Recession in America & Indian challenges


Jerome H Powell Photo Credit Twitter Federal Reserve

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By S Jha

New Delhi, June 23: Recession currently is the topmost fear of the US. The world too needs to dread such a prospect.

The Covid-19 pandemic is behind the US and the world. But Russia saw its best chance to invade Ukraine, and plunge the world into an unprecedented energy crisis.

The inflation began galloping, and the US Federal Reserve woke up to the challenge to tame the runaway price rise by aggressively raising the interest rates.

The cycle of woes hadn’t run its full course.

Now, the US is facing the grim prospects of slipping into recession, principally because of the aggressive rate hikes by the Fed.

The Fed officials on the other hand has begun saying that they don’t want the US to go into recession because of their actions.

That will complete the vicious circle of the inflation triggering recession.

The long faces of the US Fed officials are most dreaded by the Bond and the equity market, and there’s a rough assessment that 60 per cent of the GDP of the world’s top economy has already been wiped out in the massive sell off in about eight months.

The emerging economies, including India, will naturally face the collateral damage. Already, USD 39 billion of the foreign portfolio investment from India has exited in the same duration.

The foreign institutional investors are opting for China, Brazil, Indonesia and Malaysia for re-investment of their liquidated positions in India.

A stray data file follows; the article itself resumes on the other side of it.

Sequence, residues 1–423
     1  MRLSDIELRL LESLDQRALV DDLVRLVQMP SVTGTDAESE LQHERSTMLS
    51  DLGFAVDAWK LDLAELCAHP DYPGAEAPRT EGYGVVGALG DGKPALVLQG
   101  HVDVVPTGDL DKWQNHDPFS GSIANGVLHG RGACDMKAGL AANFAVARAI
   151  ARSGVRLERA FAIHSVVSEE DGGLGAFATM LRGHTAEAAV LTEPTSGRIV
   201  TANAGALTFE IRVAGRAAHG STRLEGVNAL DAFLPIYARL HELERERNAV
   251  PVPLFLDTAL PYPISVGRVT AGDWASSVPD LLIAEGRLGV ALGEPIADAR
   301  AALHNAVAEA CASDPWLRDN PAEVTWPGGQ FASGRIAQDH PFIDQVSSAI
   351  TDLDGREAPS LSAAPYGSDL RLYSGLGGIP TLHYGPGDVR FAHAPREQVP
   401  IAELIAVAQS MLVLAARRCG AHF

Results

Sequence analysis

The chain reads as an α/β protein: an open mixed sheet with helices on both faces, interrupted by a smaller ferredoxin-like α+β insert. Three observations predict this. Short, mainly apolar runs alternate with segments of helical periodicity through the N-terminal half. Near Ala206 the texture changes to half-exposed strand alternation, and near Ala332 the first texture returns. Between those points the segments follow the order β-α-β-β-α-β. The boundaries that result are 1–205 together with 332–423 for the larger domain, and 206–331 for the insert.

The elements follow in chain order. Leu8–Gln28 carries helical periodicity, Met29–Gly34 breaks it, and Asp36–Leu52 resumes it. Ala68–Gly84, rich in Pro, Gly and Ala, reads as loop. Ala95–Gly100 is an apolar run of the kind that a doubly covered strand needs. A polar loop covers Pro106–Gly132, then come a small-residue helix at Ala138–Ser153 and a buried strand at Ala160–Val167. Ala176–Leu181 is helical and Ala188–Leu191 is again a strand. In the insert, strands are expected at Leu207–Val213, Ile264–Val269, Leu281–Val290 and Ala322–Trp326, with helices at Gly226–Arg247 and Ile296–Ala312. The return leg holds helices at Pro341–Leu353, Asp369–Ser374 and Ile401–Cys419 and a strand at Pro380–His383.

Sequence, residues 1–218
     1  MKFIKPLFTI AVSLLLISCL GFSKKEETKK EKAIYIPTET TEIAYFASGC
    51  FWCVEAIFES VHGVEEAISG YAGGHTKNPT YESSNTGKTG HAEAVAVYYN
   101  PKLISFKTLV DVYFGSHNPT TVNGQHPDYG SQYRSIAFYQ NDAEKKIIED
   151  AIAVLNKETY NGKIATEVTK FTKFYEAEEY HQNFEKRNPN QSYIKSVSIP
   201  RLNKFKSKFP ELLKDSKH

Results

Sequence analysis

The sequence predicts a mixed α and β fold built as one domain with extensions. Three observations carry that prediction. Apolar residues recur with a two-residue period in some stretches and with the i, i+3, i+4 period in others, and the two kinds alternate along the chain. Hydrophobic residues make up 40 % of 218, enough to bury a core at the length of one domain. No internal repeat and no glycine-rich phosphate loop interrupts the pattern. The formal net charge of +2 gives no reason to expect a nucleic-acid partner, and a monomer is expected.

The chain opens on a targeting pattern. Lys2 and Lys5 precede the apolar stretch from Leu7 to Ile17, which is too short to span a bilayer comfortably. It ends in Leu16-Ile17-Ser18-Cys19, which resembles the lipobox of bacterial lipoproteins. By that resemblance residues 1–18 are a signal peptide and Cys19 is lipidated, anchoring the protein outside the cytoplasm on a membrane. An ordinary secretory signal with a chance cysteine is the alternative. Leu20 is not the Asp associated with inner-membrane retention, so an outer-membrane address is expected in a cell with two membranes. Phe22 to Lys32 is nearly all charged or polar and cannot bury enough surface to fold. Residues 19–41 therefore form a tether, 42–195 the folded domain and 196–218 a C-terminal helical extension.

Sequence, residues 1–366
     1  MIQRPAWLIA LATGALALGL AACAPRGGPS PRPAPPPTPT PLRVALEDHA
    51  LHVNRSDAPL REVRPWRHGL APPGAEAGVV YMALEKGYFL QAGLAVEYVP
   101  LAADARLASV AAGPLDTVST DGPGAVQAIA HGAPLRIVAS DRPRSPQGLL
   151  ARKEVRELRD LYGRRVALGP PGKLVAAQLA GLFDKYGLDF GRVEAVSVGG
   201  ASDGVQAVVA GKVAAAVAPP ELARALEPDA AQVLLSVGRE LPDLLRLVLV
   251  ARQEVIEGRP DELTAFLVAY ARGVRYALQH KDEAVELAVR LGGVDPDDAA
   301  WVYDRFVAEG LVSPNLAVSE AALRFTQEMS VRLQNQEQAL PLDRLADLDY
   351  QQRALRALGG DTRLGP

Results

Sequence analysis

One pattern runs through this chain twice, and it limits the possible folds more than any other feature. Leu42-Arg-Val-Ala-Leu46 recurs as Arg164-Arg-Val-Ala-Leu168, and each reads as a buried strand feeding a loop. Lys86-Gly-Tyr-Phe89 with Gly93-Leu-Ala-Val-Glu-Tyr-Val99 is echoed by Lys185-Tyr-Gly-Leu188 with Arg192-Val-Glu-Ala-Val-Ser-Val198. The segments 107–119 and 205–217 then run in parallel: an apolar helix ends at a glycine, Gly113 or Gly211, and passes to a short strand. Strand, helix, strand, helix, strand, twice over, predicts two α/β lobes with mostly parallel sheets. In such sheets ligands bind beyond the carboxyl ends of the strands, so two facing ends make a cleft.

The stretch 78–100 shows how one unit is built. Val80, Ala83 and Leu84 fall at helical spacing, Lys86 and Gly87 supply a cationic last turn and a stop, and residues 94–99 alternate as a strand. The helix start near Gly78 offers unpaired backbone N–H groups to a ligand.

Russia is too emboldened now to quit the Ukrainian territory. The West-led sanctions against Russia will stay in force.

Europe may stare to a prolonged energy crisis for a far longer time. The energy crisis may now allow the inflation to cool down.

The US-led sanctions against Russia are already crippling the economic order.

The world is truly in times of economic disruptions.

The US President Joe Biden recently told the environment ministers of a number of country that the innovations and technology solutions for clean energy will aim to replace the import of the Russian oil and gas in Europe and India.

But such ambitious task may remain in the realm of future for quite a longer time, and by then the world economy may be in tatters.

There are indications that the US may cut down on taxes or waive them off on oil and gas to cool down the inflation to avert the prospects of recession.

The US Fed, if convinced that the government measures to calm down the inflation is working, may become dovish in raising rates. That could save US from slipping into recession.

But if the US indeed slips into recession India will bear the brunt, for the country’s mainstay of the economy, the IT sector, will take the first hit, along with the remittances, which may affect the foreign currency reserves.

India, however, will be facing the grip prospects unprepared.

The Centre and the state together have overstretched debt burden, accounting for 90 per cent of GDP (Gross Domestic Product).

Ten of the large states of India have been pursuing populist policies for so long that they’re on the verge of financial collapse.

In such a situation, when the private investment will go in hiding, India will have much squeezed space to maneuver the way out of the ramifications of the recession in the US.

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